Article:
The low-level airshow flying was exhilarating – but cross-country trips in extremely range-limited VFR airplanes were downright scary. A stronger-than-unanticipated headwind, a deviation around a thunderstorm, or a low stratus cloud layer required making rapid decisions with potentially severe consequences.
Even though I don’t fly airshows anymore, the searing experiences of having been stuck on top of clouds, scud running, racing darkness, or stretching fuel reserves made an impression. When I had an opportunity this year to transform the instrument panel of my single-seat RV-3, I went ahead and did it – even though the maneuverable little sport plane was never meant for flying in clouds.
The project added a Garmin G3X PFD/MFD; an SL30 nav-comm radio; a GTX 330 transponder; AeroLED lights, and a TCW standby battery.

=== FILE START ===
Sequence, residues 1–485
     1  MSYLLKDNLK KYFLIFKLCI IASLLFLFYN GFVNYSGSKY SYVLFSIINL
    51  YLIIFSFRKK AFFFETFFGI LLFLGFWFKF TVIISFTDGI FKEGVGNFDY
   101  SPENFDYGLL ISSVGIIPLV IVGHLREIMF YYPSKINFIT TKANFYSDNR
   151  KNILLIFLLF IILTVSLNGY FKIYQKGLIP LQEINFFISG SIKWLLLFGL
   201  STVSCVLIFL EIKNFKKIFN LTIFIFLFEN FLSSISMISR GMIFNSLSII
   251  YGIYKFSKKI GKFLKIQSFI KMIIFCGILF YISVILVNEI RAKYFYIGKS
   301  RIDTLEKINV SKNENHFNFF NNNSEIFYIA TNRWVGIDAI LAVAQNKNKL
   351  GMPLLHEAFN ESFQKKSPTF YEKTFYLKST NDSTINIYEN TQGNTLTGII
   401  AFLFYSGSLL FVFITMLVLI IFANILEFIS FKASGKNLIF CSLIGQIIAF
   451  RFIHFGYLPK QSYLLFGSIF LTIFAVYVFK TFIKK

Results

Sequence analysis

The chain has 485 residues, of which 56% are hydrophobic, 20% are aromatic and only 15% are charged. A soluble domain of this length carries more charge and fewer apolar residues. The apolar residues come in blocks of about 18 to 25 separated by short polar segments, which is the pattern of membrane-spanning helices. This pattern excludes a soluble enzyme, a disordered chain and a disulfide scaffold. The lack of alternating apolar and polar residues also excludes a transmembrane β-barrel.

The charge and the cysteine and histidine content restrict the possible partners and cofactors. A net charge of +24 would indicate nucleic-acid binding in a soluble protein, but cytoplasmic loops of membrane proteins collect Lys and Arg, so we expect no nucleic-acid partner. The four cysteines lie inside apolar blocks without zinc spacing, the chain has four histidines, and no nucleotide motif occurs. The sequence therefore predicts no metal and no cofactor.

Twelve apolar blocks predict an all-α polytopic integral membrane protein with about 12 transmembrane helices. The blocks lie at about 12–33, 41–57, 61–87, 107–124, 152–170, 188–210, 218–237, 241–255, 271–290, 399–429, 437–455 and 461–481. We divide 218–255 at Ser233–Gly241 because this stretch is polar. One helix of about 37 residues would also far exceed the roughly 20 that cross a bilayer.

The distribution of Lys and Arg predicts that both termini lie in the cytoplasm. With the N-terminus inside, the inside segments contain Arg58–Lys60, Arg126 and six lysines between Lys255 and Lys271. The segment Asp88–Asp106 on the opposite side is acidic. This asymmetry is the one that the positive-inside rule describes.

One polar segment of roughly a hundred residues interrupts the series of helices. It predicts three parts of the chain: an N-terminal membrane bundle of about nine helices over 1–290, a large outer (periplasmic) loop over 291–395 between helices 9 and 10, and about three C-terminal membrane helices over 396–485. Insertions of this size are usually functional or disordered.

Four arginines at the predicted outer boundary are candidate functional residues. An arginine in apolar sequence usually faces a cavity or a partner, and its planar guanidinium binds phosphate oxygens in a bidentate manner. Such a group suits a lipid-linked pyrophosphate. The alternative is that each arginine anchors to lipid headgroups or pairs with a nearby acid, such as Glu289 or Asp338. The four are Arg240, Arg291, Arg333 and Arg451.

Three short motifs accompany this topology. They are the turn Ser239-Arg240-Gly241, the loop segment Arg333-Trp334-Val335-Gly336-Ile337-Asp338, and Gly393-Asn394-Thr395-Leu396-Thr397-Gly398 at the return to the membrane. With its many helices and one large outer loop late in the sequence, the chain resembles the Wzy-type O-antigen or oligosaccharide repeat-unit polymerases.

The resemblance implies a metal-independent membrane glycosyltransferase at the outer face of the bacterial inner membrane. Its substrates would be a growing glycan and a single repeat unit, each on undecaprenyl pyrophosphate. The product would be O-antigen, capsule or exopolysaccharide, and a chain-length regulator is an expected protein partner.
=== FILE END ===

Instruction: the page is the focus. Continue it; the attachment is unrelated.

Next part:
It’s avionics overkill – and putting avionics worth $20,000 in a sport airplane with an insurance value of $35,000 is financially dubious. But the new panel (designed and installed by Avionics Systems LLC) has safety tools that combat the main pilot killers: weather, traffic, and terrain. And instead of adding weight, the airplane is actually a few pounds lighter now that the clunky electro-mechanical gauges are gone.
Flying approaches with synthetic vision is much like VFR flying in that you “see” the airport at 10 miles, and the GPS-derived representation of the runway is in view from the final approach fix to touchdown.
I never intend to fly this airplane in low-IFR conditions. But it sure is comforting to know that clouds, complex airspace, and darkness aren’t nearly as intimidating as they used to be.
Look for the full story about the panel transformation in the December issue of AOPA Pilot magazine.